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Old 06-12-2023, 06:53 AM
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Pixelazer
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Question Kit recommendations

Hello, chaps. One of my friends built (and spectacularly crashed) a Flite Test Spitfire, and watching him has given me the itch to do something similar, too. I want to buy a kit, but something simple to build and fly would be appreciated. My only experience with things like this so far has been making a (display-only) balsa model. Is it possible with a budget of $120? Would prefer all of the electronics and necessary parts would be included with the kit (or as part of a bundle)

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Old 06-12-2023, 08:44 AM
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mgnostic
 
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I guess the first question is: Are you currently an RC pilot. It sounds like you aren't but you can't always tell over the net. I don't mean to sound like I am knocking you if you aren't, It just drives the suggestions of what might give you the most success. $120 isn't going to get you much unless you already have a transmitter in hand. It is possible to build a Flite Test style airplane on a really tight budget but if there are any fliers local to you it is often better to pick up some used equipment.
Old 06-12-2023, 08:55 AM
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Pixelazer
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I am not currently an RC pilot. I have landed on the $120 sum because I have found a few Flite Test kits (transmitter included) being sold at that price point at my local hobby store. Don't know of anyone who has equipment for sale near me, I'll try looking again. Thanks for the advice.
Old 06-12-2023, 10:36 AM
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A Flite Test bundle is a viable way to get into the air. For the first airplane stick with something that is clearly described as a trainer. A couple of suggestions. If you go with Flite Test, as soon as you get the airplane go to Dollar tree or similar store and get some more foam board. Trace all the parts. It's cheap insurance and easier to do when the parts aren't all wadded up from your first crash. The Flite Test videos are good but if there is a local hobby store there is probably a local group of people who fly. Somebody in that group will be happy to help you learn to fly. You may run into a hobby elitist who will poop on foamboard, ignore them and keep asking around, the helpful people are out there. Many, if not most, flying clubs have a facebook page. The local hobby shop may be able to help. Look to see if there is a bulletin board or fliers for local events. Sadly, your buddy fell victim to one of the things that discourages many would be RC pilots. He was a sucker for a warbird. Been there, done that, came home with the wreckage to prove it. Warbirds are way cool but they are generally a bit too much for a new pilot.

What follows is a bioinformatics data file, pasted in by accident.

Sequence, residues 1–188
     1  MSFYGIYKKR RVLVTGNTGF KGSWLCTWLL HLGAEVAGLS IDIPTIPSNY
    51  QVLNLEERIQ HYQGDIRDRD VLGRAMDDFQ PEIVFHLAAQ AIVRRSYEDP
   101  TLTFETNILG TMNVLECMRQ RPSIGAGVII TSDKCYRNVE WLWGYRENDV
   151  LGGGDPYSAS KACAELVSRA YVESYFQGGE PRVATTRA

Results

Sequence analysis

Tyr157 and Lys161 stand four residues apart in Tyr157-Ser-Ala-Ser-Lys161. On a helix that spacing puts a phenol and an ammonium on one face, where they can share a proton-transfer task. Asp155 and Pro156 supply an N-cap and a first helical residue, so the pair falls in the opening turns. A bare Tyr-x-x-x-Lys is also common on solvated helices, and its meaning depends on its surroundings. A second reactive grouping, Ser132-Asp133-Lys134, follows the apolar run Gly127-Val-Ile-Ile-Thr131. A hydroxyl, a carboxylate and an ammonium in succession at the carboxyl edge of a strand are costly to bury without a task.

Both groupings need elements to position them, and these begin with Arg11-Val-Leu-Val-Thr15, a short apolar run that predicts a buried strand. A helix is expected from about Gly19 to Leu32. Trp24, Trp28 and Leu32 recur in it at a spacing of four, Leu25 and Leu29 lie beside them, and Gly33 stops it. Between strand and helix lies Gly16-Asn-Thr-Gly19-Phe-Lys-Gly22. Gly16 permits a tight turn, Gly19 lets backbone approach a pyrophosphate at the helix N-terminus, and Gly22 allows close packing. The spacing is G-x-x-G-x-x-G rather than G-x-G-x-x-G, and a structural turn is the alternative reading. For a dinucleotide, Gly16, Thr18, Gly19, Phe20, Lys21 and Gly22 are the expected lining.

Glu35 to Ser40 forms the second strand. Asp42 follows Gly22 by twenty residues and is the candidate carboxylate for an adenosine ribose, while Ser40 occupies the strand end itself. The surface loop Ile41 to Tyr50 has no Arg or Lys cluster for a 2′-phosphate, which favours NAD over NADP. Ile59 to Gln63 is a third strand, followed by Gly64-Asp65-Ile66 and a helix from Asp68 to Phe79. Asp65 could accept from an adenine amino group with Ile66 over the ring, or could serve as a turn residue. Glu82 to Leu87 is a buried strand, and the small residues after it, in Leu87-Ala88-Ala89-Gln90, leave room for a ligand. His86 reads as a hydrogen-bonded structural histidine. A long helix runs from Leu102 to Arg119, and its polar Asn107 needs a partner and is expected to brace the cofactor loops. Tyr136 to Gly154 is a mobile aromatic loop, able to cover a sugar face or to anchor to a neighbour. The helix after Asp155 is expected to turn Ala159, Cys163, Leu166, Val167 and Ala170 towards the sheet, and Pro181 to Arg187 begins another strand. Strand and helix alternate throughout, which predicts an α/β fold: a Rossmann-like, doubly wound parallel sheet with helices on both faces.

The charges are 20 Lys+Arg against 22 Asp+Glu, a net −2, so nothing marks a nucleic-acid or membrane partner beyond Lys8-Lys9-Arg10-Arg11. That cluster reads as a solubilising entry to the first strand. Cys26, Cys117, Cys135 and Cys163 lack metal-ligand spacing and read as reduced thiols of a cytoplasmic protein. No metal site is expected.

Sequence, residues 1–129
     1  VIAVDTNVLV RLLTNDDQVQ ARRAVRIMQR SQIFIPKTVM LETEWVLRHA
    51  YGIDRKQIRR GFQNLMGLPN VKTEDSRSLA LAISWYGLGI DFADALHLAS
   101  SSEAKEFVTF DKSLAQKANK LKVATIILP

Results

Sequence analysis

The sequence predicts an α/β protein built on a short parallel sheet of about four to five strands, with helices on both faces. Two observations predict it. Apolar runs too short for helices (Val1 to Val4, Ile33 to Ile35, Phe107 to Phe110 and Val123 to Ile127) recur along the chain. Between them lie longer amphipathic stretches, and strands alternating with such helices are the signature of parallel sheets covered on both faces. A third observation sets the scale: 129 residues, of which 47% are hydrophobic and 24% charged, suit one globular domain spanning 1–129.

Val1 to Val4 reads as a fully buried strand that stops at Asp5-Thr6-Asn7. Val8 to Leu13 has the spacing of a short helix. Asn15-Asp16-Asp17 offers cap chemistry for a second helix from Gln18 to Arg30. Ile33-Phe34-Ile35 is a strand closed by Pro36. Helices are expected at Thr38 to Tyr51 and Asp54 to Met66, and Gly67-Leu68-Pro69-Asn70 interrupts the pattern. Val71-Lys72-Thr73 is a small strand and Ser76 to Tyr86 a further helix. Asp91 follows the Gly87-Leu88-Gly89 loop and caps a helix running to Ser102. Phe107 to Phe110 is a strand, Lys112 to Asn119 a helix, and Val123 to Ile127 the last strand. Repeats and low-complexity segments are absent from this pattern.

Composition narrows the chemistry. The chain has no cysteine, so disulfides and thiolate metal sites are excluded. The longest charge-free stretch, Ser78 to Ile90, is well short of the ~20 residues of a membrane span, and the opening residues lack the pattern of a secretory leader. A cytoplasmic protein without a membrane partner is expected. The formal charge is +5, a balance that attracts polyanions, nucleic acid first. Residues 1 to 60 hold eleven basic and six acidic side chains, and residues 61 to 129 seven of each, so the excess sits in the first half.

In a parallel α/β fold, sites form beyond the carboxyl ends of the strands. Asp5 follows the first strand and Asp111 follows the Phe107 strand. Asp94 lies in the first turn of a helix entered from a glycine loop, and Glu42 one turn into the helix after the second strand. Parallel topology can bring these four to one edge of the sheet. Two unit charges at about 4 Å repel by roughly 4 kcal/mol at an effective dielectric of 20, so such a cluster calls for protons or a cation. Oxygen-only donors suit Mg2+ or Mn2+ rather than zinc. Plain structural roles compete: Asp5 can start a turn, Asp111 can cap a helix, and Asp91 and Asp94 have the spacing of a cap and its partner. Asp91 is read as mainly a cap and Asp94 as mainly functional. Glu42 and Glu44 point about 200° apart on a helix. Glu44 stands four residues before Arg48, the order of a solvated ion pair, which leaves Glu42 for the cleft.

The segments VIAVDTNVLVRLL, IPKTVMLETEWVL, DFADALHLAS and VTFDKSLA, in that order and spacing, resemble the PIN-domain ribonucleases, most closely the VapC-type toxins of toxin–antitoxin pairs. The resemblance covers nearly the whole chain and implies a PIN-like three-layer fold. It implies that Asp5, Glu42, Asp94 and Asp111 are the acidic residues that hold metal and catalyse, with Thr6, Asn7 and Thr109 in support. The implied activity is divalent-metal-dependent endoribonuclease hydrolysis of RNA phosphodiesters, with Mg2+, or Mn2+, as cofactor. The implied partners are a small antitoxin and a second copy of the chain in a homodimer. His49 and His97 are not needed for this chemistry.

Old 06-13-2023, 03:01 AM
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Pixelazer
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Appreciate the advice. What's your opinion on flying wings?
Old 06-13-2023, 07:23 AM
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mgnostic
 
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Originally Posted by Pixelazer
Appreciate the advice. What's your opinion on flying wings?
Flying wings are quite a kettle of fish. They can go from hardware store blue foam slow fliers that can tool around at walking speed all the way up to 180 mph deltas like the Diamond Dust. I watched one this weekend that was probably doing a minimum of five rolls per second. The point is that covers a huge range of airplanes. A properly designed and set up flying wing isn't really any more difficult to fly than any other airplane. I've flown foam board deltas, a Zagi and a couple of relatively hot glow powered plans such as the Holy Smoke and the Force One. The Zagi in particular was a pretty forgiving plane as it was an all foam wing covered in packing tape. It was primarily a powered glider. The biggest drawback of flying wings is the ability to maintain orientation. One of the skills you build as a new pilot is the ability to keep track of the orientation of the airplane. I've seen a number of new pilots struggle with this. When the airplane get a couple of hundred yards out it can be difficult to tell if it is coming or going. A flying wing doesn't have much if any fuselage so there is less visual indication of the airplane's orientation. Another issue is that flying wings don't tend to be self righting. A good trainer wants to fly straight and level and will do so if you let go the sticks. Flying wings tend to have neutral stability. That is, they will stay wherever you put them, even if that is pointed straight down. It's not necessarily a deal breaker, just something to keep in mind. I would steer you away from things like the Stryker wings. Not because there is any problem with quality but because they can be very fast. Flying model airplanes tends to be a walk before you can run kind of hobby but a lot of guys show up at the field with a ducted fan or a P-51 and want to jump right in and they end up like your friend with a spectacular crash and a trashbag full of disappointment. To sum, you can learn on a flying wing, just be sure to get one that isn't a rocket.

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